(Note: I think it’s important to know the terminology and words used when learning any new business including mobile home investing. I came up with ‘Terminology Tuesday’ as a way to go over the terminology used in the mobile home business. It’s important to know the terminology when talking to people in the business so you’re all on the same page).
**** Tricks of the Trade is a new series I have started that will be included with “Terminology Tuesday” posts. The goal of this series is to share with you the “tricks of the trade” I have learned in the mobile home business.
When buying used mobile homes, there will be times where some of the major systems may need to be repaired and/or replaced. In my experience, the HVAC is one of the major systems that will need to be monitored on a regular basis.
(Note: This is why it’s so important to have a good team so you know who to call when things go wrong!)
In any case, I had a furnace in a home that just kept blowing the fuses out. I had my HVAC guy come in to assess the problem. And, guess what? We found out the evaporator coil was the cause of the problem — it had been leaking fluid into the electrical system causing the fuses to go out. This was definitely not a good situation at all!
So we had to take apart the entire unit and here’s what we found:
Electrical area where fuses are located
Area where evaporator coil and drain pan located
(Note: Notice the rust stains, not a good sign!)
Removal of evaporator coil from unit
Overhead view of evaporator coil
(Note: More rust stains!)
Evaporator coil with holes where leaking occurred
(Note: Definitely not a good sign!)
After assessing the situation, the only thing we could do to stop the problem was unfortunately put in a brand new unit. Since the evaporator coil was leaking, the problem would continue to occur until it was replaced.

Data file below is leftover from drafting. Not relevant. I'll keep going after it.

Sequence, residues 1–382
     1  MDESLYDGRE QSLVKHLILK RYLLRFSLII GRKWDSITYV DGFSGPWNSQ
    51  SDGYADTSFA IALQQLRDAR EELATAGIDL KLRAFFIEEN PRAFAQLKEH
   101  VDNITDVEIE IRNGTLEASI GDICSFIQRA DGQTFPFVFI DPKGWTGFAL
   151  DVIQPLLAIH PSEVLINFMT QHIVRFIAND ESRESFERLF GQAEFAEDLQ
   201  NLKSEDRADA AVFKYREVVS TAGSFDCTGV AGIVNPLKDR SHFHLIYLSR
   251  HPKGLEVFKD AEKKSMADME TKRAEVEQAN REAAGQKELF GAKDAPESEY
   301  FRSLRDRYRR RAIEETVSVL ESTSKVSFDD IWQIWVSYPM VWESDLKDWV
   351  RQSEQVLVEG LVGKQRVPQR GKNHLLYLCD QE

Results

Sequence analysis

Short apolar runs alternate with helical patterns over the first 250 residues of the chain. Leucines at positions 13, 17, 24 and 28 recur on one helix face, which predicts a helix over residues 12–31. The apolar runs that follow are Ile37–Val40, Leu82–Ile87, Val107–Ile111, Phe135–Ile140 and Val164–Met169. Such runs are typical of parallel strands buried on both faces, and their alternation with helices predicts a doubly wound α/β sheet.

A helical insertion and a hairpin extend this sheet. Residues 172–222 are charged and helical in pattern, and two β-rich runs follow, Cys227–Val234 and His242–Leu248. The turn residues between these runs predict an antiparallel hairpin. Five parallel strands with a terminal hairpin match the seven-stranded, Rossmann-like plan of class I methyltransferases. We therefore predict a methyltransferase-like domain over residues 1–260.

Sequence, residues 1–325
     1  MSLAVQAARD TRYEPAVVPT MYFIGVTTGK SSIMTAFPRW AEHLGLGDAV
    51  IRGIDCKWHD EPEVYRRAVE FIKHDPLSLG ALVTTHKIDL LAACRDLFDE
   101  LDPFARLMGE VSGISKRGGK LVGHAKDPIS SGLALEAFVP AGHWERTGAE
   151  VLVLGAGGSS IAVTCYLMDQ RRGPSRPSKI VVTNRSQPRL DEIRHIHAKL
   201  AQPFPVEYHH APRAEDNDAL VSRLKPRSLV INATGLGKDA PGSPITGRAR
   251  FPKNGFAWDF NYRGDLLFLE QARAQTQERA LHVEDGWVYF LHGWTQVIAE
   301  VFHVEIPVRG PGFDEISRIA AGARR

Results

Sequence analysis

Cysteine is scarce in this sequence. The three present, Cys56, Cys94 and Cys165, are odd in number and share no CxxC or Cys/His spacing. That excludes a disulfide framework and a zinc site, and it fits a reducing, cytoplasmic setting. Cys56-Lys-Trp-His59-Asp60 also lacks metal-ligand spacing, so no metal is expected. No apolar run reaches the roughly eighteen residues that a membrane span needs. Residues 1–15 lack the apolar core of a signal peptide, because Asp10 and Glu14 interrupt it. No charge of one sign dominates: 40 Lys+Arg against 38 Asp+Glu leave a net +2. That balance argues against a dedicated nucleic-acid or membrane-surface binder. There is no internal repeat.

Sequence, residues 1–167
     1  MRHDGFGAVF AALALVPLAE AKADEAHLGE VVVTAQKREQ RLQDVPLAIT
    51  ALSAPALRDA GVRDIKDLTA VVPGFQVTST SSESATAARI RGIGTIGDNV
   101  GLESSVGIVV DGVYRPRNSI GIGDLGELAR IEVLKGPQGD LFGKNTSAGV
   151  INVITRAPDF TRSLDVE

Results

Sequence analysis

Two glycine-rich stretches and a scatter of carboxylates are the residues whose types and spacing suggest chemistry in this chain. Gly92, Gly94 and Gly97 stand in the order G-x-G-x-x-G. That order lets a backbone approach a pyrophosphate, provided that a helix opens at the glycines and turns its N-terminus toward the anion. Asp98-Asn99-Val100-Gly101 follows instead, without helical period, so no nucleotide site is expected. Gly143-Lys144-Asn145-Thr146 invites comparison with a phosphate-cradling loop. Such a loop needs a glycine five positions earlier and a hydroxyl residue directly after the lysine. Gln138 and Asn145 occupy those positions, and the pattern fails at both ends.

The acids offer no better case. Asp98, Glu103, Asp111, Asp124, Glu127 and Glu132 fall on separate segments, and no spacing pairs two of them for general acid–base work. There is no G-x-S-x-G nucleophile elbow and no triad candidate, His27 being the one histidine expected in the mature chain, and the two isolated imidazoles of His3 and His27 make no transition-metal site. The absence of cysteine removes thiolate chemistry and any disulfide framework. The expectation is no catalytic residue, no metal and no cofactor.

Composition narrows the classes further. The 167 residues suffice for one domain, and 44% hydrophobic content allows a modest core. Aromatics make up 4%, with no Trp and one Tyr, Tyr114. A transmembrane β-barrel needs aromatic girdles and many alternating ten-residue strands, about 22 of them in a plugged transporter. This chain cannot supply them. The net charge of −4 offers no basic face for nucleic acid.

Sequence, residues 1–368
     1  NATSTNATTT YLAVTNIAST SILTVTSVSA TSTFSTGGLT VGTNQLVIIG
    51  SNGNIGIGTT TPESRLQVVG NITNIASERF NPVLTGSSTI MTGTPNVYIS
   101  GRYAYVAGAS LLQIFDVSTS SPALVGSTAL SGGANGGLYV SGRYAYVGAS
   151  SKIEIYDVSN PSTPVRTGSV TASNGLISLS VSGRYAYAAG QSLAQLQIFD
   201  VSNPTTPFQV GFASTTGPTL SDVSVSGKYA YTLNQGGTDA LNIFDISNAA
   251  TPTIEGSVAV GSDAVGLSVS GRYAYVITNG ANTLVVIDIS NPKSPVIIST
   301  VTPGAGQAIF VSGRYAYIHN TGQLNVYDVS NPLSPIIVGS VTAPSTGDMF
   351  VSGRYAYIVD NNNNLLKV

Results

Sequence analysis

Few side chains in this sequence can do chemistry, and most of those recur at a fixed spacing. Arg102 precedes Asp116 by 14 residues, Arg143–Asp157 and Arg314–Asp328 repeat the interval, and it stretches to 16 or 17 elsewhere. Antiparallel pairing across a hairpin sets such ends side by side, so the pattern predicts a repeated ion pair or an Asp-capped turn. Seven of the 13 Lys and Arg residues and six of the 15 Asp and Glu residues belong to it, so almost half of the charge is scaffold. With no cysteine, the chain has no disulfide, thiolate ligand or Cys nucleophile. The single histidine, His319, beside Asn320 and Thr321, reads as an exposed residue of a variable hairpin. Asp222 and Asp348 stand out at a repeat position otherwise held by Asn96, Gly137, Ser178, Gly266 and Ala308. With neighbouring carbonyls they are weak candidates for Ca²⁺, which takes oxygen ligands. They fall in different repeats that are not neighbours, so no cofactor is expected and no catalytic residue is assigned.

Unfortunately, finding a new evaporator coil to go with an older model system can be difficult as well as costly. Most evaporator coils can cost up to half or almost 3/4 of the price of a brand new unit! Not good.
Now, if the evaporator coil was not leaking and the problem was the drain pan just overflowing (rusted, etc.) and/or needing to be cleaned out — it would have been just a matter of fixing and/or cleaning the area. Unfortunately, this was not the case.
(Note: For those interested in seeing the details of a drain pan issue, feel free to check out this video below. Thanks for reading!)
So, I ended up getting a new unit. Here it is:
New evaporator coil
(Note: Notice the black colored plastic drain pan. This prevents rusting. The older units used metal drain pans which caused rust stains to form more easily.)
Removal of old unit to make room for new unit
New unit installed
Though it was a big expense, I know this is a cost of doing business. In my experience, this is the first time I’ve had to replace a furnace. The only other major system I’ve had to replace in the past has been the outside condenser unit. In most cases, these units have continued to work with enough care and maintenance.
I hope this “Terminology Tuesday” post has been helpful and has given you some useful information – it definitely has for me.
p.s. Feel free to leave comments on any post either here and/or my Facebook Page. Comments are always welcome, thanks for reading!
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- Terminology Tuesday (Tricks of the Trade) – How to Clean an HVAC Evaporator Coil
- Terminology Tuesday (Tricks of the Trade) – Epoxy Paint
- Terminology Tuesday (Tricks of the Trade) – Fixing a Bathroom Ventilation Fan
- Terminology Tuesday (Tricks of the Trade) – Stove Repair
- Terminology Tuesday (Tricks of the Trade) – How to Fix a Leaking Toilet Tank